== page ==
North Korea and Russia have both conducted recent missile tests - which is important because they are part of a large context of missile tests and technology that may also be influencing Iran.
Iran has developed long-range ballistic missiles in recent years and has plowed money into various missile projects, and their nuclear program is linked to the missile program because the missile program is made more dangerous by the possibility that its nuclear program could be weaponized. For this reason, it’s important to note the increase in missile tests by North Korea and Russia.
North Korea says it "tested a new solid-fuel intercontinental ballistic missile - its ‘most powerful’ missile to date,” according to the BBC. The test was heralded by North Korea’s state media and has caused concern in Japan and the Pacific.
“Solid-fuel missiles can be fired more quickly than liquid-fuel ones, making them harder to intercept. But analysts say they are not without downsides. South Korea maintains that the North will need more time to develop a fully operational solid-fuel ICBM,” the BBC notes. “This is the first time the North has test-fired a solid-fuel ICBM after years of testing solid-fuel short-range missiles. It has tested various ICBMs, but these were powered by liquid propellants, which must be fuelled directly ahead of launch - a process that can take hours.”
Meanwhile, Russia is putting its fleet on alert in the Pacific. CBS noted that “the entire Russian Pacific Fleet was put on high alert on Friday for snap drills that will involve practice missile launches in a massive show of force amid tensions with the West over the fighting in Ukraine.”
Russia’s Defense Minister says this is in relation to new drills Russia will conduct. “Along with the missile launches, the drills will also involve nuclear-capable strategic bombers and other warplanes besides the naval aviation of the Pacific Fleet, Shoigu said,” CBS noted.
Russian state media TASS also said last week, citing the Defense Ministry, that “the Strategic Missile Forces have carried out a test-launch of the intercontinental ballistic missile from the Kapustin Yar training ground in Russia’s Astrakhan Region.” The report in Russia goes on to note that earlier this week, "the combat crew of the Strategic Missile Troops successfully launched the intercontinental ballistic missile of the land-based mobile missile system from the Kapustin Yar State Central Multiservice Training Ground in the Astrakhan Region.”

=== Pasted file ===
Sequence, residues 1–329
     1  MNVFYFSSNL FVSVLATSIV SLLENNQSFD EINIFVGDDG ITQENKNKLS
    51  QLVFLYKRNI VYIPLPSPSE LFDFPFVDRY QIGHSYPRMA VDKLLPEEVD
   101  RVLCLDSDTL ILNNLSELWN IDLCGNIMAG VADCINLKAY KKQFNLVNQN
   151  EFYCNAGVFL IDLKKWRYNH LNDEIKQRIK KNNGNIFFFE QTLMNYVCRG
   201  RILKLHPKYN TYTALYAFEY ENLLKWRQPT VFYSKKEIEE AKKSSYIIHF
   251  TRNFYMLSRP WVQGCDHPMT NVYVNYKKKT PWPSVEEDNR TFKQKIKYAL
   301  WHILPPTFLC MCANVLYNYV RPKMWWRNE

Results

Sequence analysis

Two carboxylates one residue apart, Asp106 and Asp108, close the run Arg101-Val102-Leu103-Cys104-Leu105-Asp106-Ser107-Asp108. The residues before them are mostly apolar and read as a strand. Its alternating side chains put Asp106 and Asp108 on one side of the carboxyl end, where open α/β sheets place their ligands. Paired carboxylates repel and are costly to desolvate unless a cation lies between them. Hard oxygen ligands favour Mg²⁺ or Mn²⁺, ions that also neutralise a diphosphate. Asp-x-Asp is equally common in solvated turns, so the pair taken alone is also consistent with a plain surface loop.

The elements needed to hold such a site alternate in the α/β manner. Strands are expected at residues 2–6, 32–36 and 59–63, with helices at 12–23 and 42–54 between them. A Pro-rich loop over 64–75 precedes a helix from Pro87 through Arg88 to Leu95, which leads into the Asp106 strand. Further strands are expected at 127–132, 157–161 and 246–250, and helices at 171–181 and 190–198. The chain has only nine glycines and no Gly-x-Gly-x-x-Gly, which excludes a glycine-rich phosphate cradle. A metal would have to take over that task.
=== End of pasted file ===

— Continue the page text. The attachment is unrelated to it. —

Concerns that North Korea has developed a new type of weapon and that Russia is practicing with missiles should raise eyebrows. It also comes as countries are seeking new hypersonic missile technology. Iran also announced this weekend that it developed and tested a new guided anti-armor missile.
The overall context comes as Russia and China are becoming closer in recent years, and the latter has a new 25-year deal with Iran - who is supplying Russia with drones. All of these countries are now potentially working in concert on some issues. Missile technology could be a spillover in these ties.
Iran wants to expand its missile program and has also recently reconciled with Saudi Arabia - which could lead Iran to shift resources from Yemen to its missile programs and also to threats that it could project into Iraq and Syria. For this reason, the North Korean and Russian missile tests have greater importance, and the way the West responds to these tests is also important.
The new developments in China related to missile technology also matter, as does North Korea’s continuing threats against Japan. In a globalized world, the reactions of the West to the threats in the Pacific are as important as the reactions to Iran’s nuclear program in bolstering security in these various regions.